Five marketing takeaways from Cannes 2014
Marketers mull over real-time, programmatic trading, agile consumers, TV and brand truth at the annual festival.
Only use real-time at the right time
For some, using real-time marketing is a no brainer. Coca-Cola North America president of sparkling and strategic marketing Wendy Clark was unequivocal in her championing at a session on the subject. “Operating in real time is the mandate and remit for all of us. Our goal is to operate in real time on any given day. Silence is not an option in a socially networked world. We learnt our lesson the hard way.”
Elsewhere Beats’ CMO Omar Johnson appeared to share the same philosophy, to a point, telling delegates at his own keynote how it used real-time to “find events and find conversations to infuse the Beats voice into”. However, he cautioned that context is key. “Creating content at the speed of culture”.
A more sober tone was struck by Mashable CMO Stacey Martinet. She told Marketing Week that brands should not rush to real-time because “it is the culture of the moment”.
Brands should ask if it makes sense for them and they should query if they know enough about their own social media followers, she added.
Marketers need to be as agile as their customers
The agile consumer is used to rapid change and can internalise the changes – “the generation of mobile”, according to Daniele Fiandaca, head of innovation at Samsung’s agency Cheil.
However, speaking at a session hosted by their client he added: “Marketers are not as agile as the consumers they want to speak to every day.
“Beware marketers, they [agile consumers] expect the brands they deal with to be ethical and honest – lie to them and they will leave you in their millions. What they have is soul. They are fast and furious but anchored in deeper emotional details.”
Programmatic is no longer a dirty secret
For many marketers, confusion still reigns over programmatic trading but sentiment at Cannes suggested many of the issues have been cleared up.
Speaking at a session on programmatic, senior media director at Heineken Ron Amram said the practice’s evolution is making it more appealing. “As ad exchanges evolve more content is premium top tier inventory, content providers and that landscape begins to change and becomes more appealing to brands like ours.” In social, he added, it is necessary to “leverage the technology insight and tools” while in video and display you can “stack data and technology to be better at targeting and learning what is working and not working”.
Bonin Bough, vice president of consumer engagement at Mondelez added: “Being able to build strong data capabilities is ultimately what is going to help us win in the next three to five years. Digital video may be 10 per cent of the market place, but imagine unlocking that data capability against 60-80 per cent of the investment and being able to transform the way that you buy your mass media, that is where the game is.
“For us its a step in that direction, I want to see 100 per cent bought programmatically, why would I not buy media in a way that I would actually get data back and use it to make smart decisions.”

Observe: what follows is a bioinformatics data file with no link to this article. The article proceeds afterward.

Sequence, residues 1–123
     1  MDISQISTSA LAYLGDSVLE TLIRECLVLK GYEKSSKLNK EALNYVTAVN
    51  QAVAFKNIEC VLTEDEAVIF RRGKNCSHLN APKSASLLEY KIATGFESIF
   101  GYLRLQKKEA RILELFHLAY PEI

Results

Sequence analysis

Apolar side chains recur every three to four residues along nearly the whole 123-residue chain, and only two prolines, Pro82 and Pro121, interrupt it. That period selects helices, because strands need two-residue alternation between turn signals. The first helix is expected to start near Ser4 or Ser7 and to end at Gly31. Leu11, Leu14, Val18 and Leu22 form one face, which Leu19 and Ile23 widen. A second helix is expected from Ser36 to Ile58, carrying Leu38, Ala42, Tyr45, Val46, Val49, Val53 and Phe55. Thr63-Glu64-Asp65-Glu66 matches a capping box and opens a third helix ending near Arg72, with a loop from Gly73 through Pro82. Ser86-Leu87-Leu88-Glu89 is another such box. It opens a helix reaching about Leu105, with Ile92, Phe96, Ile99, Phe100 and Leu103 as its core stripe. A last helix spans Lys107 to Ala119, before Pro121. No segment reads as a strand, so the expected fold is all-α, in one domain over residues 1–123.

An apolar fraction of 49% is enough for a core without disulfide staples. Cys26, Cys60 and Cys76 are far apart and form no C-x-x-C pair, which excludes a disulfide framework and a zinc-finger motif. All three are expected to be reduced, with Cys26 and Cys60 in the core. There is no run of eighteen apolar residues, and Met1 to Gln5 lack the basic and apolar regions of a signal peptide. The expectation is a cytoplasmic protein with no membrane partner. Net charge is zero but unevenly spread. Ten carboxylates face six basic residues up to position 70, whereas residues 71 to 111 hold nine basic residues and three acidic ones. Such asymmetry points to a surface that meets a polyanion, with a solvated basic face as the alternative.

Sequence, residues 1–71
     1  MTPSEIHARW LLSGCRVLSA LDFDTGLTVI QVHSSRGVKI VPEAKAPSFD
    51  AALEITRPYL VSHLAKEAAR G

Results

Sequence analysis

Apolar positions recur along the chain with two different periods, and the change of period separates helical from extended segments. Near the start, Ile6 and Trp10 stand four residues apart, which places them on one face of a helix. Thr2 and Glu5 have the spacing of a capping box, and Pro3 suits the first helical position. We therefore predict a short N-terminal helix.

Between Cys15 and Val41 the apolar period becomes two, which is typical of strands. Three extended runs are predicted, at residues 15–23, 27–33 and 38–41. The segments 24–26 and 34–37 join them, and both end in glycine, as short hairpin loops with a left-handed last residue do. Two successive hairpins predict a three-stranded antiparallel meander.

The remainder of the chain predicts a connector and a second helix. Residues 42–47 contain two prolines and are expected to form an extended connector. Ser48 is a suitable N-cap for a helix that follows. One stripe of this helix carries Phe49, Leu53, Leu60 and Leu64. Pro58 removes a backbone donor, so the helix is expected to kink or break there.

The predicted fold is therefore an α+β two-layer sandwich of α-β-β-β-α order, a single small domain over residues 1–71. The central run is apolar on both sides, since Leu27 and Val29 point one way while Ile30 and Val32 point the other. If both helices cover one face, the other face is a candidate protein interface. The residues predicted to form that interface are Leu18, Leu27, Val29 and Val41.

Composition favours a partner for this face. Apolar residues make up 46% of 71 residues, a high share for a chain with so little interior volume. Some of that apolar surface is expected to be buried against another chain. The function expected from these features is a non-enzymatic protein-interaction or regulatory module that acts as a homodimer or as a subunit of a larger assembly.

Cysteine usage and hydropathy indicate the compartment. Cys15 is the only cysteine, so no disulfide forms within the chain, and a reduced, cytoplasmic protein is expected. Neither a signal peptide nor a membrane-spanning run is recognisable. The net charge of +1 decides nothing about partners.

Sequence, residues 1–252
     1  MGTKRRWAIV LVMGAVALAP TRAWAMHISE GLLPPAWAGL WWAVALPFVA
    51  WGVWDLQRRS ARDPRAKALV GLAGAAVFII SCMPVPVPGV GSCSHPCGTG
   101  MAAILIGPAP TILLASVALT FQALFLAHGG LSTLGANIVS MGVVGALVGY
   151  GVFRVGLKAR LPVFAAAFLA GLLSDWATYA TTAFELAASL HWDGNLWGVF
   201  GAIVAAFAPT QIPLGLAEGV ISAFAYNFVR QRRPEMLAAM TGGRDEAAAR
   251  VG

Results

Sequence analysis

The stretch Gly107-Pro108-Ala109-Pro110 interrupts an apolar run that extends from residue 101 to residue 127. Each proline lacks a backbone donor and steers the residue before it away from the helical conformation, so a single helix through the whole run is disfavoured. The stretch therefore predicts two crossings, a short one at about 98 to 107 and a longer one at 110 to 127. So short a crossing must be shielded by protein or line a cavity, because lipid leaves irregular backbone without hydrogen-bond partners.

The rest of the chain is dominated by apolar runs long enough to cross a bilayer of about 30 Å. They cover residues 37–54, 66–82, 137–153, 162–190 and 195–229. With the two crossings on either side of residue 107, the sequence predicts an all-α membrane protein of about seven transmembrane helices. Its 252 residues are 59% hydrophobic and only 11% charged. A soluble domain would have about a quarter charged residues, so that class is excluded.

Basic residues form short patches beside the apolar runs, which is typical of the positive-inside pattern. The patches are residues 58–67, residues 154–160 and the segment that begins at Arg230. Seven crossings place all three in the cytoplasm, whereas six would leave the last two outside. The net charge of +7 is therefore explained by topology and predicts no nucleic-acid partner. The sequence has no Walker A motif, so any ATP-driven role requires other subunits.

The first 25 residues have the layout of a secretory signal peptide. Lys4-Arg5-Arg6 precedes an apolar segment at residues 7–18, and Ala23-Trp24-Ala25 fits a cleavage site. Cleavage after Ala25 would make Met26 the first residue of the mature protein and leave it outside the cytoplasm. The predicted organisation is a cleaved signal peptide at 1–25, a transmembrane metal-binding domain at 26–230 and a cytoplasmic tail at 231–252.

Reports of TV’s death have been greatly exaggerated but thinking needs to change
Dreamworks CEO Jeffrey Katzenburger suffered the ire of TV marketing body ThinkBox and others on Twitter when he declared: “ Kids today aren’t watching their TV screen; they’re watching their iPad or iPhone.”
Elsewhere at Cannes others were more supportive albeit when discussing TV’s effectiveness when allied with social media.
Sir Martin Sorrell said during his presentation at the festival: “ TV viewing is remarkably strong. The work we are doing with Twitter clealry indicates that engagement of consumers with live TV is significantly more potent than we thought.”
Talking to Marketing Week Johan Boserup, global CEO of Group M Trading added: “TV is very powerful but we can make TV be a lot better. Light users are very difficult and expensive to reach. If we use online video on top of traditional TV that’s a far better way to reach audiences.”
Moving from brand purpose to truth and meaning
If Cannes 2013 was about brand purpose then making sure your brand has truth and purpose was the theme of 2014.
Digital is driving the change, according to Frank Cooper III, chief marketing officer of PepsiCo. At a session about creativity he said : ”Digital means consumers want meaning out of their brands. Just focusing marketing on the transaction isn’t enough, people are looking for a human connection and sense of belonging.”
Beats’ Johnson summed it up when explaining why Apple paid $3bn for it. “Truth is the foundation of our brand. All we do across sports, headphones and music is all based on truth. The difference between us and other brands is we have a relentless passion to tell truth even if unsavoury or uncomfortable for people who don’t want to hear it.”
At a session hosted by Google, senior vice president of marketing at Unilever Marc Mathieu added: “We have to tell a story. We have to anchor our message into a truth and stick to it.”